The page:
Saturday, 7 June 2014


Experiential learning helps us get down and dirty and understand the world about us. It is a great way to learn by doing.

A sheet of paper recently came across my desk titled "Citizen Science Projects in Nova Scotia". The paper presents links to citizen sighting projects, volunteer projects and phone App projects; such as Bat Conservation, The Butterfly Atlas, and Ice Watch. These are projects in which we can improve our understanding of the environment, engage in meaningful research, and learn about how to observe and measure the world around us. And, we are not expected to hold postgraduate degrees to get involved. We simply show a willingness and passion to volunteer, get out there and help.

Drilling down one of the links on this paper I came across a Carnegie Mellon University Research field data collection tool called SENSR.

"SENSR is a tool to create, share and manage a citizen science project running on mobile devices to harness the power of citizen scientists."

You need, simply, a download of the iPhone SENSR App, an idea for a project, and citizens to join in the data collection. No programming skills are needed to build the data collection tool and share data.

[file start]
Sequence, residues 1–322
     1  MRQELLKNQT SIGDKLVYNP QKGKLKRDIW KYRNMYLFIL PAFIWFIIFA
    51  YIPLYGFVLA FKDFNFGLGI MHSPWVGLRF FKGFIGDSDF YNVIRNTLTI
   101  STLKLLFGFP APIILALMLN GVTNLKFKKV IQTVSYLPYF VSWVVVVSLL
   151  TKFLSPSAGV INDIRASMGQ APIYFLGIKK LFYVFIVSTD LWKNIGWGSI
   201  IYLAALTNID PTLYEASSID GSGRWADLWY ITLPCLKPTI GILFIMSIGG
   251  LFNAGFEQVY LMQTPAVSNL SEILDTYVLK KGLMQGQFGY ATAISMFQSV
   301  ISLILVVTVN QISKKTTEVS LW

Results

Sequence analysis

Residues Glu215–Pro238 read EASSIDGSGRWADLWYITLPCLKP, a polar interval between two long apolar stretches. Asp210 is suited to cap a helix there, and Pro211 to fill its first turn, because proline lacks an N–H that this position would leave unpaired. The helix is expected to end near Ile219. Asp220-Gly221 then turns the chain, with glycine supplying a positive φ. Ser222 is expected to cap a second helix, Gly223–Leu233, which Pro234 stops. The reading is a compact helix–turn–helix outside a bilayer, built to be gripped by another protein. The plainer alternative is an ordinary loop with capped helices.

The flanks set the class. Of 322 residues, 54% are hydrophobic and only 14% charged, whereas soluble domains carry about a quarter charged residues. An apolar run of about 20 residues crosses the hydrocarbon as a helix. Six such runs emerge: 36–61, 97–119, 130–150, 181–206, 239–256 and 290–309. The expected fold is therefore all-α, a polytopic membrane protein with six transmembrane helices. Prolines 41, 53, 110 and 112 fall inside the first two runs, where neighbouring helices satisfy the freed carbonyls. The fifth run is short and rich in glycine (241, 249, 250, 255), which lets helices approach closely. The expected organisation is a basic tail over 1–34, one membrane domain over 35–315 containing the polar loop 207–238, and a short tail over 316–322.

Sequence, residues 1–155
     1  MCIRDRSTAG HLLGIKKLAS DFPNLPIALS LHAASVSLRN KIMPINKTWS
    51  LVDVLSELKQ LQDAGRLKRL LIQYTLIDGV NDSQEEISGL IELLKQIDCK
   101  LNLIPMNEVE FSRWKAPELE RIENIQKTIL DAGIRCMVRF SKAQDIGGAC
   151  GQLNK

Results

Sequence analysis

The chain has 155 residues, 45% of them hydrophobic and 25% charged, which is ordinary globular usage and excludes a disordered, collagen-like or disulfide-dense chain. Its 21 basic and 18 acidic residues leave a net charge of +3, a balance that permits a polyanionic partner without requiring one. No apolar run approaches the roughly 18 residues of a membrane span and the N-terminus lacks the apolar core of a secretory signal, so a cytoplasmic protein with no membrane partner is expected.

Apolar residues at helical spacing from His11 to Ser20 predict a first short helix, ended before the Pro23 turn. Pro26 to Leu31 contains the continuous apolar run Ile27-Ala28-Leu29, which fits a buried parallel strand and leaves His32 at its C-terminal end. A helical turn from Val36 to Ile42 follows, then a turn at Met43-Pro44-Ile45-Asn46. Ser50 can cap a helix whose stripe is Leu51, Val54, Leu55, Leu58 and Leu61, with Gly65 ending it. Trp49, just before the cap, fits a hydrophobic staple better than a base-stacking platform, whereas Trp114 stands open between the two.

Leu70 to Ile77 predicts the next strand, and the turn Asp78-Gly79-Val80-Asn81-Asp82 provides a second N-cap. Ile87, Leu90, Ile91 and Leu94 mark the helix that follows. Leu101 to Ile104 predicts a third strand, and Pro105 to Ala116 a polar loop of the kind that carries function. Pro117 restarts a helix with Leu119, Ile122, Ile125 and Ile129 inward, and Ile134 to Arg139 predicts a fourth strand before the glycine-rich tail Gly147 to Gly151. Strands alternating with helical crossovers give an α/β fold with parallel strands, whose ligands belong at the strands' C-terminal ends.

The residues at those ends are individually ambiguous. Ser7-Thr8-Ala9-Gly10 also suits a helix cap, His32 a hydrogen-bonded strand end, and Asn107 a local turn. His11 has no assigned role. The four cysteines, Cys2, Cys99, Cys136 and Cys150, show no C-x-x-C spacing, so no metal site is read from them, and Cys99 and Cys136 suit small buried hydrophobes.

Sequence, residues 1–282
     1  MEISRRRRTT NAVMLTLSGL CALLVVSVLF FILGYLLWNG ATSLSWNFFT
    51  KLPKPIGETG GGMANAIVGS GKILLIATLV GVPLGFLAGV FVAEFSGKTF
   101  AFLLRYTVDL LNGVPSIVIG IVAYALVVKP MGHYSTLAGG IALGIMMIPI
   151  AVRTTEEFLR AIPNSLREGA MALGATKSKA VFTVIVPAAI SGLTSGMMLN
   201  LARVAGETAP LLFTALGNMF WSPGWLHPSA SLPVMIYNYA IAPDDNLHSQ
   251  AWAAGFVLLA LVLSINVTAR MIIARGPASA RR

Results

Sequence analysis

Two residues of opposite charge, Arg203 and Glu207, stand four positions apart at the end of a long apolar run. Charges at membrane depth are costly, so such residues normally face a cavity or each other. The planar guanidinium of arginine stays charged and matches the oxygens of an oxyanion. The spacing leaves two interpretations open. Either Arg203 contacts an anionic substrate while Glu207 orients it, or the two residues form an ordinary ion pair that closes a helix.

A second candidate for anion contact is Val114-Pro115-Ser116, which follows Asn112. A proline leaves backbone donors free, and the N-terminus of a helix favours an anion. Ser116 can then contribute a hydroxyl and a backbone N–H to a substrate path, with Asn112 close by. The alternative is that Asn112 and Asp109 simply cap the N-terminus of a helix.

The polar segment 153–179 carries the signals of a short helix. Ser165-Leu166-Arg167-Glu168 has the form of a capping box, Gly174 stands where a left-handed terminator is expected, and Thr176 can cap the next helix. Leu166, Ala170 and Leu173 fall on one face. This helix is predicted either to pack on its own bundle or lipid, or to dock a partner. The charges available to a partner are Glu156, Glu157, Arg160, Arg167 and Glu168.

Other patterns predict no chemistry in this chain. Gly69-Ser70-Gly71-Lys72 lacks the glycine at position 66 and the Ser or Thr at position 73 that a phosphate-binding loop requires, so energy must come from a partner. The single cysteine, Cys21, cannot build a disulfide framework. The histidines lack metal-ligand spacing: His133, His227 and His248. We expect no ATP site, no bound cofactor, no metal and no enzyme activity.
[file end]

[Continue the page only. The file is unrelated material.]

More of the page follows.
What a great way to develop experiential learning!

Existing SENSR projects include categories such as archaeology, climate and weather, food, ocean and water, ecology and environment, and health and medicine.

I can picture a project in Nova Scotia, along the lines of the Appalachian Mountain Club Flower Watch Project, in which SENSR observers can photograph and map plant species to observe microclimates and follow long-term trends due to climate change, or a coastal project to photograph and map coastal debris.

An alternative learning path to formal education is through experiential learning. Maybe we should look more closely at organizations such as Citizen Science AssociationCitizen Science Alliance, and CARP, and field tools such as SENSR, to get our communities reconnected to our rural environment.

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